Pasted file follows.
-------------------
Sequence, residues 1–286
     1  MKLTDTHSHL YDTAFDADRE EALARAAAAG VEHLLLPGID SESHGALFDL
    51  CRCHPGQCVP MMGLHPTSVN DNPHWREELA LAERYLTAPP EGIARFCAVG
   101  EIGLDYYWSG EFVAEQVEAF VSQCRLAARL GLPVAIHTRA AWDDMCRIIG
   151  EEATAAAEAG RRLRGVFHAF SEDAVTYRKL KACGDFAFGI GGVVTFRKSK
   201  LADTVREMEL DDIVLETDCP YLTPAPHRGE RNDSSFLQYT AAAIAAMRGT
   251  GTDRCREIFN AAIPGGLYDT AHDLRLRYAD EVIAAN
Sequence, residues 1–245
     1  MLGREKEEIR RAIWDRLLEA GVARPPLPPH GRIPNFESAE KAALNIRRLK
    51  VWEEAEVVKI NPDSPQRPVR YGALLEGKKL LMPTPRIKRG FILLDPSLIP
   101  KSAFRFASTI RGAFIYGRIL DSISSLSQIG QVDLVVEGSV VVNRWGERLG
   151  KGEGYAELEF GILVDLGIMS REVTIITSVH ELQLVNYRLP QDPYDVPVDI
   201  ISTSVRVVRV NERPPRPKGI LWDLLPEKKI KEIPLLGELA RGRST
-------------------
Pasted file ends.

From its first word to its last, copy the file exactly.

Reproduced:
Sequence, residues 1–286
     1  MKLTDTHSHL YDTAFDADRE EALARAAAAG VEHLLLPGID SESHGALFDL
    51  CRCHPGQCVP MMGLHPTSVN DNPHWREELA LAERYLTAPP EGIARFCAVG
   101  EIGLDYYWSG EFVAEQVEAF VSQCRLAARL GLPVAIHTRA AWDDMCRIIG
   151  EEATAAAEAG RRLRGVFHAF SEDAVTYRKL KACGDFAFGI GGVVTFRKSK
   201  LADTVREMEL DDIVLETDCP YLTPAPHRGE RNDSSFLQYT AAAIAAMRGT
   251  GTDRCREIFN AAIPGGLYDT AHDLRLRYAD EVIAAN
Sequence, residues 1–245
     1  MLGREKEEIR RAIWDRLLEA GVARPPLPPH GRIPNFESAE KAALNIRRLK
    51  VWEEAEVVKI NPDSPQRPVR YGALLEGKKL LMPTPRIKRG FILLDPSLIP
   101  KSAFRFASTI RGAFIYGRIL DSISSLSQIG QVDLVVEGSV VVNRWGERLG
   151  KGEGYAELEF GILVDLGIMS REVTIITSVH ELQLVNYRLP QDPYDVPVDI
   201  ISTSVRVVRV NERPPRPKGI LWDLLPEKKI KEIPLLGELA RGRST